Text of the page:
Since it first starting publishing in January 1993, Wired magazine has been breaking ground with regards to the design of the publication. I remember picking up the latest issue at Nini’s corner in Harvard Square — I couldn’t wait to see what metallic or florescent ink popped off the cover. It was exciting. And so is this. As editor Chris Anderson puts it on wired.com this new digital version will be complete with “lavish design to glorious photography, while augmenting it with video, animations, additional content and full interactivity.” The video does an amazing job of showing the features of this new format.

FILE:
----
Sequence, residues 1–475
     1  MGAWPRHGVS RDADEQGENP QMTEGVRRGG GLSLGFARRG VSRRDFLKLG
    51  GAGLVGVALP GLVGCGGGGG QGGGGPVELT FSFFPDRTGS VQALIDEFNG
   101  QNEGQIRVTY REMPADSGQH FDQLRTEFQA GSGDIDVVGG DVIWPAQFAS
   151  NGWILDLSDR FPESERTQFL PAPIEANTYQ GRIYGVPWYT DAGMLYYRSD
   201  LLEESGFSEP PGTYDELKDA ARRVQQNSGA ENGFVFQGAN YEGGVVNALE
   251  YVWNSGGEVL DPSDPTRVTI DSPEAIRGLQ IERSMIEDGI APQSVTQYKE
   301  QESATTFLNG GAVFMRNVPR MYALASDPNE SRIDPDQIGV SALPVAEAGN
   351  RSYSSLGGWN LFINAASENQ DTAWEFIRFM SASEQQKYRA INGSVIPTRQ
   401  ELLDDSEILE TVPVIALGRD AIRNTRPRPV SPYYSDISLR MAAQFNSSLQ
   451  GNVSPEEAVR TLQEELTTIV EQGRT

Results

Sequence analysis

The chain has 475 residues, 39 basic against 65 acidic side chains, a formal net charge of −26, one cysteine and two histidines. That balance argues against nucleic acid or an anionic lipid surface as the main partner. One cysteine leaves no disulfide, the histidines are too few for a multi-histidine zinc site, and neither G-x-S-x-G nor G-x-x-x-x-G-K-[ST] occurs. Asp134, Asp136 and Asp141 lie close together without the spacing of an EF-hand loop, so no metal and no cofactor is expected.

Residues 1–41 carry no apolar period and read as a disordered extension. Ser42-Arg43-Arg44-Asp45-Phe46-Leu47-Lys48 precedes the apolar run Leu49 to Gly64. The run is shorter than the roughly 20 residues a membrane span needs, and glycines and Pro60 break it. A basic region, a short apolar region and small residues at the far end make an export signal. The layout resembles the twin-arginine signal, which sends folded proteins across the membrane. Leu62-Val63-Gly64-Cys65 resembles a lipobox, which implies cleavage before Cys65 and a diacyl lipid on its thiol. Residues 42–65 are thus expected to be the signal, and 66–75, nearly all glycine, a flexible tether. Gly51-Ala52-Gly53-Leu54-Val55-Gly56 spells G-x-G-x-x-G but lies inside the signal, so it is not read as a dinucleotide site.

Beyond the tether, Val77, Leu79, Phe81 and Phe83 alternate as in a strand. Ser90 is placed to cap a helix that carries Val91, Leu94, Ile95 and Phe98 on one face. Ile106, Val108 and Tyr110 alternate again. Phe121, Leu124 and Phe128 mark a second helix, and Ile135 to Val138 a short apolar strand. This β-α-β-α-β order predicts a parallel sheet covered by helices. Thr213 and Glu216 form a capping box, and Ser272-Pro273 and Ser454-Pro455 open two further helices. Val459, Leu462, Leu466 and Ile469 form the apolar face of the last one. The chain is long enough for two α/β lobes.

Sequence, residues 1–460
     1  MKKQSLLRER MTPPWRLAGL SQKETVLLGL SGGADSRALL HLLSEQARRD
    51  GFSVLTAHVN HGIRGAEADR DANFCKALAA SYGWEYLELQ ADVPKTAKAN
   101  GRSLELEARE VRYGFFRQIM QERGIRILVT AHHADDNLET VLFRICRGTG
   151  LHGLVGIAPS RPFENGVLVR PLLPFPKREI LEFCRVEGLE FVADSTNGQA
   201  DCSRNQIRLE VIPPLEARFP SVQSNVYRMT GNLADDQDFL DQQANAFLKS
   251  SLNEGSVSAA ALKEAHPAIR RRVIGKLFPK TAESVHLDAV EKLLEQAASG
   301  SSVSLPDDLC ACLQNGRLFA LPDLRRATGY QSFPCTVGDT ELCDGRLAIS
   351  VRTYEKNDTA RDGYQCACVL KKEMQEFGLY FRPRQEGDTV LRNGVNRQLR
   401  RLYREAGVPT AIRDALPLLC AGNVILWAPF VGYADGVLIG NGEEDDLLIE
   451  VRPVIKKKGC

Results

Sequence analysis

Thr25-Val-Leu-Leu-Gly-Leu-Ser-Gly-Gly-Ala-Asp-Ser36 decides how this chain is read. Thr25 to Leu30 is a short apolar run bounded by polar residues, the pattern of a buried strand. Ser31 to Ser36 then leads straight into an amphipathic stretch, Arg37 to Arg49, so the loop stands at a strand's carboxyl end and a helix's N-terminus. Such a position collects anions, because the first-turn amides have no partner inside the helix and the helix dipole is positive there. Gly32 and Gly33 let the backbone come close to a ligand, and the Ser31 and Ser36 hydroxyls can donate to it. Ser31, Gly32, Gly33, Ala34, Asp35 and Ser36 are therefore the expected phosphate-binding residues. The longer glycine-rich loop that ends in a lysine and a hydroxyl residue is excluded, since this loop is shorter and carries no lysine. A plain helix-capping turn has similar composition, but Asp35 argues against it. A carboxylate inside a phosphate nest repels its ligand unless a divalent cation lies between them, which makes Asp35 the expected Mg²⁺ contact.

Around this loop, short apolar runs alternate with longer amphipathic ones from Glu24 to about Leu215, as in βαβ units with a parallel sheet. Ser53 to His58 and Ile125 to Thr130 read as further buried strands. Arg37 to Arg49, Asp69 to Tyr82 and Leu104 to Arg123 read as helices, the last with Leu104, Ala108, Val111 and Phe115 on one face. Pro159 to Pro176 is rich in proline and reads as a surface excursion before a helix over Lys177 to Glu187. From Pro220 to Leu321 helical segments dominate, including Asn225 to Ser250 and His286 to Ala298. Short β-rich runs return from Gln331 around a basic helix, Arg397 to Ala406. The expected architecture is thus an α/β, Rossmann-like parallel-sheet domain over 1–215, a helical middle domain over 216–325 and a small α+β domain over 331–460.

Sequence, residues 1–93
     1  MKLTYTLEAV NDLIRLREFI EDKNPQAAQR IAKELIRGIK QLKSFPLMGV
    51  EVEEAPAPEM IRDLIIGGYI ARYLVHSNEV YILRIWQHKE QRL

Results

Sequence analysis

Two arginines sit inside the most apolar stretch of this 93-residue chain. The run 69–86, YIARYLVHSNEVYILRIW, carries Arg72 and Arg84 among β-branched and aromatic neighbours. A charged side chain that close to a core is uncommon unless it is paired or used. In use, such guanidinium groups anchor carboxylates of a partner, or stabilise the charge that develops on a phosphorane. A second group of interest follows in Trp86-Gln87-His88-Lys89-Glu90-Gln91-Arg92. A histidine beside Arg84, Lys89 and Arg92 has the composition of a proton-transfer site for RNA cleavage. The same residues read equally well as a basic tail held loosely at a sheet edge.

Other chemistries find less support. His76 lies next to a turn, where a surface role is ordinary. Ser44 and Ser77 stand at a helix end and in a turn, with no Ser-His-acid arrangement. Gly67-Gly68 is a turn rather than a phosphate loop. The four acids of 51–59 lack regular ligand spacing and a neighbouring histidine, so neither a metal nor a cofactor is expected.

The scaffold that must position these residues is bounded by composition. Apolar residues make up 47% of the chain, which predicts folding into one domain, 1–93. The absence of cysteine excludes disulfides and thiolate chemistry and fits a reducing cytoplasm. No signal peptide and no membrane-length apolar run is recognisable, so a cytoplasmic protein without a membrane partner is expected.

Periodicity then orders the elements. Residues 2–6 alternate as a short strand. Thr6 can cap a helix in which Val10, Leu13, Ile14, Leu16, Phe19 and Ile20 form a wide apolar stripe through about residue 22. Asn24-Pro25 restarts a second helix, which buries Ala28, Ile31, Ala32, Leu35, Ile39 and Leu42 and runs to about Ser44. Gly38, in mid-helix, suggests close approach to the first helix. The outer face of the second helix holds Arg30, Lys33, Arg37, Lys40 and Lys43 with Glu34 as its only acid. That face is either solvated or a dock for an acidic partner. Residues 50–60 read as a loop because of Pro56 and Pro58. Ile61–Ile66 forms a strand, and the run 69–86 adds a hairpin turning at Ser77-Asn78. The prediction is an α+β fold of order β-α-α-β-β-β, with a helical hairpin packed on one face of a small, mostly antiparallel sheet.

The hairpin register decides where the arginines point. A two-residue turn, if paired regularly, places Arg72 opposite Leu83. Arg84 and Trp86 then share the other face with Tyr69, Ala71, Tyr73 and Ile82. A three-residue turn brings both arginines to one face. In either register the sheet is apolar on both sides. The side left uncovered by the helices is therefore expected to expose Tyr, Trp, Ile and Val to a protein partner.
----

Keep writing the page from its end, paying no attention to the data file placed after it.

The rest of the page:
[pulledquote]lavish design to glorious photography…[/pulledquote]
The interviewees explain the scrubber, the browser, and social features that allow the reader/user to clip articles and post to social media websites. One of the stand-out interactions is a clip of a user clicking on different thumbnail images in an article that in turn changes the article’s opening image. The user as designer/art director. As I’ve noted before on The Design Shift, the designer in this scenario will have to select multiple successful feature article images and not just one as would be the case in the print edition. If you’re already using an iPod Touch or an iPhone then you’re familiar with the kinds of interactions and gestures. The next challenge for designers will be to consider those experiences as they design interfaces for this kind of content.